In many medical researches the main interest often lies on the problem of testing whether a random effects variance component is equal to zero within the mixed effects models framework. The variance component test has long been a statistical challenge and received much attention in the literature; see for example, Self and Liang [1], Stram and Lee [2], Liang and Self [3], more recently Lindquist, et al. [4], Drikvandi, et al. [5], Nobre, et al. [6], and many others. Beyond the direct interest, some other scientific problems under investigation can be also transformed into this similar issue. For example, to test a parametric null model against a nonparametric alternative in the penalized spline regression, Claeskens [7] first constructed a mixed effects model so that the hypothesis testing was reduced to the problem that whether the variance component of random effects was zero, and then performed a restricted likelihood ratio lack-of-fit test. Analogous transforms and hypothesis testing problems were also studied by Crainiceanu and Ruppert [8-10], Crainiceanu, et al. [11] and Greven, et al. [12].

The variance component test is nonstandard in the sense that under the null the variance component is on the boundary of the parameter space. In this situation it is not easy to obtain the null distribution of the likelihood ratio statistic. Under some regularity conditions Self and Liang [1], Stram and Lee [2] and Liang and Self [3] proved that the likelihood ratio statistic followed a 0.50:0.50 mixture of \( {\chi}_0^2 \) and \( {\chi}_1^2 \), where \( {\chi}_0^2 \) is a point mass at zero and \( {\chi}_1^2 \) is a chi-square distribution with one degree of freedom. Whereas Crainiceanu and Ruppert [8] argued that the assumed conditions in these papers were often not guaranteed in practice, they showed the mixture proportion parameter is actually dependent on specific contexts and the equal-weight mixture can lead to conservative type I error control. To obtain the null distribution of the likelihood ratio test (LRT) statistic, Crainiceanu and Ruppert [8] developed a simulation-based algorithm using the spectral representation of the LRT statistic.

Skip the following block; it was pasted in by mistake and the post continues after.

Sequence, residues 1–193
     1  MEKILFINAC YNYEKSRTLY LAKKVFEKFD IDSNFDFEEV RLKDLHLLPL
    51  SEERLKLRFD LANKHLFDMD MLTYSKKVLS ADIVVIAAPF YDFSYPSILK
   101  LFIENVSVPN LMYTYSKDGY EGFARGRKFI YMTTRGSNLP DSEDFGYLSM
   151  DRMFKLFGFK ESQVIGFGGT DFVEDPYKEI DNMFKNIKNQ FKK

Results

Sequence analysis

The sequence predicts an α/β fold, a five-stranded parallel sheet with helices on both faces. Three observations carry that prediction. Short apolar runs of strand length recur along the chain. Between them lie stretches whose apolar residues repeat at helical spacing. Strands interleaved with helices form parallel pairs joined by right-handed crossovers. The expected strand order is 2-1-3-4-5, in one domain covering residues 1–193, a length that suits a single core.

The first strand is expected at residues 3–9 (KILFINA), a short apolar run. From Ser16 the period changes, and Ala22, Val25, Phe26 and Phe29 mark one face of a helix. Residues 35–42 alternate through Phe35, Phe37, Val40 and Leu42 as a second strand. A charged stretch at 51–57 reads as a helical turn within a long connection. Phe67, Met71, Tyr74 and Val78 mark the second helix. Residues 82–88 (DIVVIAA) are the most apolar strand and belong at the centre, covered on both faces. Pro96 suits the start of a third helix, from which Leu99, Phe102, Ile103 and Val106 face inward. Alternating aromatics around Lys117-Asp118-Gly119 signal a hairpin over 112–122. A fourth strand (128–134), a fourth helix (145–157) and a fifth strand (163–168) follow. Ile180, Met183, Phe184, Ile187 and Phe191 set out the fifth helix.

Instead of using the equal-weight mixture as done in Self and Liang [1] and Liang and Self [3], Pinheiro and Bates [13] found that a nonequal-weight one may be better and suggested the 0.65:0.35 mixture for some specific longitudinal datasets. Fitzmaurice, et al. [14] evaluated the 0.50:0.50 and 0.65:0.35 mixtures via simulations and concluded that the appropriate mixture is not straightforward to derive.

The work aforementioned shows clearly that it is difficult to obtain an analytical expression for the null distribution of the likelihood ratio statistic. On the other hand, when encountering complex hypothesis testing scenarios in practical data analyses, resorting to resampling-based methods is a very natural and effective strategy. Faraway [15] and Samuh, et al. [16] applied the parametric bootstrap approach for testing the variance component. Lee and Braun [17] and Samuh, et al. [16] used the permutation procedure to resolve this problem. Their results demonstrated that the bootstrap and permutation tests can control the type I error rate correctly and are more powerful compared to the tests that are based on the usual asymptotic mixture.